|Submitted by Michael Montgomery |
(Nov 26, 2006)
This is a dark, depressing, nostalgic and surreal story by a man who had strange experiences on drugs, lost friends on drugs, and possessed a memory tainted by drugs. Philip K. Dick states at the end of the book, effectively in his epilogue, that he dedicated the work to those lost friends 'who were punished entirely too much for what they did'. The beauty of this book, A Scanner Darkly, is that it is very much based on the author's life and experiences. There is bitterness, there is hate, there is lost love and regret. Amongst it all there is satire and humour, but mostly dark and cruel.
I have to say that reading this book is more than just reading a story. You are getting the feelings and emotions of a man - Mr. Dick - whose life was a tangled mess. An innocent person robbed by the world and its merciless devices. The drugs and situations that lead to him forgetting his very own person cause him to forget who he really is. When this work is read in a more earnest and compassionate light, we cannot, as a reader, help feeling a deep sorrow for the outcomes and consequences we witness. Childish decisions arising from a lack of interest in life, a state of boredom and all the other emotions we know from the years we spend doing irresponsible things, without care to others, are paid for in blood. This book can invoke a feeling that ones gets when you think 'I wonder what ever became of so-and-so', and we fall into a moment of nostalgia. Perhaps idealist and exaggerated, but nevertheless craving for times and people gone by.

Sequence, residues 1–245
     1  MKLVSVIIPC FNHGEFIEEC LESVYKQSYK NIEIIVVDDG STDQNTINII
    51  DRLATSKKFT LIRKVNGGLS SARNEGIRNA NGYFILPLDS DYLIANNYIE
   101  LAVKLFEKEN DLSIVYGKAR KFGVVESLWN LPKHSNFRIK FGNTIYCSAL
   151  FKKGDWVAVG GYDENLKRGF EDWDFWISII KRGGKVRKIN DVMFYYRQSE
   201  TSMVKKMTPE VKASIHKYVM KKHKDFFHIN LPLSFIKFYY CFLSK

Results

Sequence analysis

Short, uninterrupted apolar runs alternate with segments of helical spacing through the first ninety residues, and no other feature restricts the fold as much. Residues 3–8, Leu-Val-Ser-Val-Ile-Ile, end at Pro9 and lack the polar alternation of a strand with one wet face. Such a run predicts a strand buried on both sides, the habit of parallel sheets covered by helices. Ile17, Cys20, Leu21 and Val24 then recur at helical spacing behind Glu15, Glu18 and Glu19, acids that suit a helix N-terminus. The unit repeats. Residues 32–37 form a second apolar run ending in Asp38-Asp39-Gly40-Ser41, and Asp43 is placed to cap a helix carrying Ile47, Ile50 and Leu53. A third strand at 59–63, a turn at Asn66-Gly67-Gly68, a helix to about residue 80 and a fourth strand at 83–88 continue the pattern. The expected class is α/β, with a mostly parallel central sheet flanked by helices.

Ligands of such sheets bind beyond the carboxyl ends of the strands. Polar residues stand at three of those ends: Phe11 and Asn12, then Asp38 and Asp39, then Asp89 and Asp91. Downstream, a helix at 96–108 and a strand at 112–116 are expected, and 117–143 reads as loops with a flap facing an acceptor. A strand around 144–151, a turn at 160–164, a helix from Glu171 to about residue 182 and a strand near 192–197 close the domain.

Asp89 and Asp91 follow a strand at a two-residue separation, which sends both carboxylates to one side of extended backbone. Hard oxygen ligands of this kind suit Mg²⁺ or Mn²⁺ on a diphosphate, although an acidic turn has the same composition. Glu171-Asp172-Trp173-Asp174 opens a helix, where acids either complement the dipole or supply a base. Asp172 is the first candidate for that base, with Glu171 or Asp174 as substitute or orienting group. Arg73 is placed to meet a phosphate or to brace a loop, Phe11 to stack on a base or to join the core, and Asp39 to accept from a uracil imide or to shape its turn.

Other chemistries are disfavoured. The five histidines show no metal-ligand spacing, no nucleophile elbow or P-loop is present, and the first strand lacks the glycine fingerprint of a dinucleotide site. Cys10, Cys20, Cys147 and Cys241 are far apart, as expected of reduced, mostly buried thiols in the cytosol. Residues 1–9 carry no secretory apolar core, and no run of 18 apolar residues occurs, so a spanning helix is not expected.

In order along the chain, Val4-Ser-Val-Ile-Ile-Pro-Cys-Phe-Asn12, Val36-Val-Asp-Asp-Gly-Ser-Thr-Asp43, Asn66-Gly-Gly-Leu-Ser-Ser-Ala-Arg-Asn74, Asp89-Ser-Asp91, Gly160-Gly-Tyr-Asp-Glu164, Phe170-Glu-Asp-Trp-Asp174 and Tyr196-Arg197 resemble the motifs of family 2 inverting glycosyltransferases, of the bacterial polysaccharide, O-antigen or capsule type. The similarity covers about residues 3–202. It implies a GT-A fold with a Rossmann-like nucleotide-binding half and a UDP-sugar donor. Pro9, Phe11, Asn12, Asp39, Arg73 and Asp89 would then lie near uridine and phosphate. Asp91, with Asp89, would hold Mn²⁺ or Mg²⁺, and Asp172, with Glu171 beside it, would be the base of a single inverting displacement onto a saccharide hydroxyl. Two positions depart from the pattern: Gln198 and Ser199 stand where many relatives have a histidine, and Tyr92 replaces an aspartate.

However, this kind of appreciation of the book may not come for some time. You need a while for it to sit in your belly, so to speak. There is a lot of sacrifice, sometimes not even made by the person themselves, but by a higher power. There are certain lessons the characters learn that we, as readers, can also learn from. The story, I am tempted to say, is not necessarily the core of this novel. The recent film adaptation, in my opinion, didn't work for this very reason: it was focused on the story and dialogue too much and not enough on the deeper aspects - the pains and trials of the characters, their moral development and understanding as individuals, their private thoughts and memories that are never revealed verbally. As far as I'm concerned, the film version was something else altogether. It just didn't work.
Anyway, one should read this as you might read the memoirs of a dying man looking back over his life. If you are mature enough to deeply appreciate the message that Dick was trying to give, then you will doubtless remember this book for years to come. What is sad about Dick's Author's Note is that is that he lists himself amongst the 'people who wanted to keep having a good time forever, and were punished for that'. It then strikes you that the other ten or so friends he includes made the basis for his characters, and that in fact what you were reading was a disguised chapter of his very own life. Or, at least, this was how he chose to express it.
On the other hand, I may be speaking dribble. After all, doesn't every book incorporate something from the author's own life. I don't know. Maybe. You decide.